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From Laurent Hoss <l.h...@netbreeze.ch>
Subject Re: New Lucene QueryParser
Date Wed, 03 Jan 2007 10:57:05 GMT
Hi Mark

As said in a previous mail, I'm very interested in your Parser and I'm 
happy to hear you made progress , and implemented
Paragraph/Sentence proximity search functionality. :)
This is the killer feature for me!
 and if the execution of the resulting query  ( a mix containing 
SpanQuery 's)  is not (much) slower  than using Boolean/Pharse-Query 
Combos,  it would allow me to forget  our current  "1 lucene-doc per 
paragraph" Indexing Model.
But also the other features are very cool, like the DateParsing which I 
strongly miss in the standard QueryParser !

So let me hear, when you have a version ready to be tested, and how I 
can help.

-Laurent

PS: Some other notes
> Query-time thesaurus expansion / General token to query expansion : 
> Takes advantage of a general find/replace feature, "expand" might map 
> to "(expander | expanded)" ... or any other valid syntax. 
This I could also use, if can also do following ?
right now I've a little utility class which expands special strings 
(syntax is to be disc.) to all combinations :
"fest[,e] hypothek[,en,a]"
-> fest hypothek;fest hypotheken;fest hypotheka;feste hypothek;feste 
hypotheken;feste hypotheka

> Note that there may be some limitations...but so far this has proved 
> to be pretty powerful
Would still be good to know the limitations you see right now...



Mark Miller wrote:
> I have finally delved back into the Lucene Query parser that I started 
> a few months back. I am very closing to wrapping up it's initial 
> development. I am currently looking for anybody willing to help me out 
> with a little testing and maybe some design consultation (I am not 
> happy with the current range query  syntax for one). If you have any 
> interested  in using this parser and have a little time to help out, 
> please do. The parser is extremely customizable and you can basically 
> mold it into whatever you want. A brief outline of the feature set:
>
> The basics from Lucene query parser are covered: escaping operators,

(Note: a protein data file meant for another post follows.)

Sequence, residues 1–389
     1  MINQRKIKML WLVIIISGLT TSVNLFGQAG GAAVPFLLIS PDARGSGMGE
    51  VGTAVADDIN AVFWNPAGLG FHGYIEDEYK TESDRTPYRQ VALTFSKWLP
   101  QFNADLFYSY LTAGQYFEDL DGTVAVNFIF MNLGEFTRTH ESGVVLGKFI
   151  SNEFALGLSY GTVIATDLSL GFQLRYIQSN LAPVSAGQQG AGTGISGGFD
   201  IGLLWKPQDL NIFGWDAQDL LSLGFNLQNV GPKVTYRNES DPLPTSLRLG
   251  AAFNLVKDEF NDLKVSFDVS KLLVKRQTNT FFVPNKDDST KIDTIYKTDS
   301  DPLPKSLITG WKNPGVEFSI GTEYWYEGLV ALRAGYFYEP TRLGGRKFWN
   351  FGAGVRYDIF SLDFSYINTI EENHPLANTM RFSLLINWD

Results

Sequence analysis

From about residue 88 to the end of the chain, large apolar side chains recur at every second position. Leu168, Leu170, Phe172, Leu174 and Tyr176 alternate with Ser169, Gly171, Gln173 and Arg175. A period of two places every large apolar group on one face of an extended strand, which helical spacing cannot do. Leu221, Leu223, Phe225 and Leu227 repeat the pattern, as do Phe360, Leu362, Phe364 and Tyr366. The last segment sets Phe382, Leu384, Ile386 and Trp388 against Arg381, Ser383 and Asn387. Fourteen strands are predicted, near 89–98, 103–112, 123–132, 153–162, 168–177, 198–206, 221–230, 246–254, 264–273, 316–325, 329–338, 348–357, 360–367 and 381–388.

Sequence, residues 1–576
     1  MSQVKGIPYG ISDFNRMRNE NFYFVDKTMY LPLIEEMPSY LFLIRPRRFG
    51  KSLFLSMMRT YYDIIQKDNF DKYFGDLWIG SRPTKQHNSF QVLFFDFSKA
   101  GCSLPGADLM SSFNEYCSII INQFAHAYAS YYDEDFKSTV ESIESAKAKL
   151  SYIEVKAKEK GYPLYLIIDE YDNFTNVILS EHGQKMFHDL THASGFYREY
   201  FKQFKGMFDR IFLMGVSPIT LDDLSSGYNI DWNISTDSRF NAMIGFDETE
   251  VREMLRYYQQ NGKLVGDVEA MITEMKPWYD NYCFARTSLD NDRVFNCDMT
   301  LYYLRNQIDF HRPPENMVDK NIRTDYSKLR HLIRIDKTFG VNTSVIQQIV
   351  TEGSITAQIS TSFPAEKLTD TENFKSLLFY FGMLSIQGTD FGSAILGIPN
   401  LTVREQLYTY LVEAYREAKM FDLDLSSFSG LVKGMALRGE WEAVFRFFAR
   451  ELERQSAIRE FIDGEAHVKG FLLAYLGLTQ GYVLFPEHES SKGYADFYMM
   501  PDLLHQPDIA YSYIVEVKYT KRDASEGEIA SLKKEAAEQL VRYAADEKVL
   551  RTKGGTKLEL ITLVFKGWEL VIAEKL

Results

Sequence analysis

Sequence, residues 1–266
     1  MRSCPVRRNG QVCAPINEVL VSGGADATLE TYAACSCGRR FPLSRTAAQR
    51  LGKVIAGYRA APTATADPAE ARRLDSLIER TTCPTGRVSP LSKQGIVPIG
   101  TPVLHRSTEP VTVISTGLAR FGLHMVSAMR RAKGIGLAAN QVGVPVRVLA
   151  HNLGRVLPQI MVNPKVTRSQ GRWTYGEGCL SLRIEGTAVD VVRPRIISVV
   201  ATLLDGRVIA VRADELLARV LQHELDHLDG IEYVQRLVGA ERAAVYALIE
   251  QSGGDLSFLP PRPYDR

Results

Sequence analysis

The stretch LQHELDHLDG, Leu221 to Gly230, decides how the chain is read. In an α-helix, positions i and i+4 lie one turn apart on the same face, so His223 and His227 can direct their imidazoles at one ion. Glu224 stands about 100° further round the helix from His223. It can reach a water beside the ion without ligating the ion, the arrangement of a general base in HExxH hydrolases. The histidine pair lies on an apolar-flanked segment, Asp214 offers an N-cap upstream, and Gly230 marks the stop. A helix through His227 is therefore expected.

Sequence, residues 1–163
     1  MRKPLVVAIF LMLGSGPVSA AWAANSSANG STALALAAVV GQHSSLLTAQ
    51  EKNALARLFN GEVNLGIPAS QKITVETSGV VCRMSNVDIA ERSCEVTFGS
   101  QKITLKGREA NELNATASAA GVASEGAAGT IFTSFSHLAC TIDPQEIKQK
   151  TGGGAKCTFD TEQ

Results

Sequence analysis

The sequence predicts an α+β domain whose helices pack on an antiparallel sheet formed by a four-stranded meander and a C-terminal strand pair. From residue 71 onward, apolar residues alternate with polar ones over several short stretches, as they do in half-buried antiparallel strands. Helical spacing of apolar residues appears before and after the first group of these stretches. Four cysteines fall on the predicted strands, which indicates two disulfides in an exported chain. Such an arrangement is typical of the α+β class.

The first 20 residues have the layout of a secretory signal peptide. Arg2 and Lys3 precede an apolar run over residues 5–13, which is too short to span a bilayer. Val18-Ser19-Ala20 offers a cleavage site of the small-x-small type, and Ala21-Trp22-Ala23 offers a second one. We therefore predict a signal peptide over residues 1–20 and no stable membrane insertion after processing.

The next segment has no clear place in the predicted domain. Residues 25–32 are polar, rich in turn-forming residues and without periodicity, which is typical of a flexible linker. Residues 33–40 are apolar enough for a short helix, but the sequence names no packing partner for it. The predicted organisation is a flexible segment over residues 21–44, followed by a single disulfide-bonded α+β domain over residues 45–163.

> handling tokens at the same position, range queries, etc.
>
> Default Operators are: & | ! ~ ( )
> New operators can be defined and default operators can be hidden on 
> the fly.
>
> Adds a proximity operator to the standard AND, OR, and ANDNOT 
> operators allowing for queries like:
> (search bear) ~5 (snake & horse ~4 pope) | crazy query
>
> The default space operator is customizable and can be made to bind 
> tighter than if you use the actual operator (the operator acts like 
> the actual operator but within parenthesis).
>
> The order of operations for the operators is customizable. The default 
> order is |, &, ~, !, ( )...you can change it to whatever you want.
>
> Query-time thesaurus expansion / General token to query expansion : 
> Takes advantage of a general find/replace feature, "expand" might map 
> to "(expander | expanded)" ... or any other valid syntax. There is 
> also a slower RegEx feature so that you can match tokens with a 
> Pattern and perform back reference enabled replacements. You can also 
> make the replacement behave as an operator...you might map NEAR to ~10 
> , creating a new operator that performs within 10 word proximity 
> searches.
>
> Did You Mean feature using the SpellCheck contrib: if you search for 
> 'date(Aug 3, 1952) & mackine | rabbit' you might get a suggestion of : 
> 'date(Aug 3, 1952) & machine | rabbit'
>
> Paragraph/Sentence proximity search functionality. You can inject 
> tokens to specify paragraph and sentence markers and perform 
> SpanNotWithin searches for paragraph sentence proximity searches.
>
> Customizable date parser.
>
> Everything is pretty much configurable on the fly.
>
> Note that there may be some limitations...but so far this has proved 
> to be pretty powerful. I could sure use some testing help making it 
> production ready though. I will be putting a new website up for the 
> parser soon. Please send me a note if you can help out at all. When I 
> put up the jar you can just run it with Java -jar and it will provide 
> a console input to enter queries and see the Lucene Query generated.
>
> - Mark Miller
>
>
>
>
>
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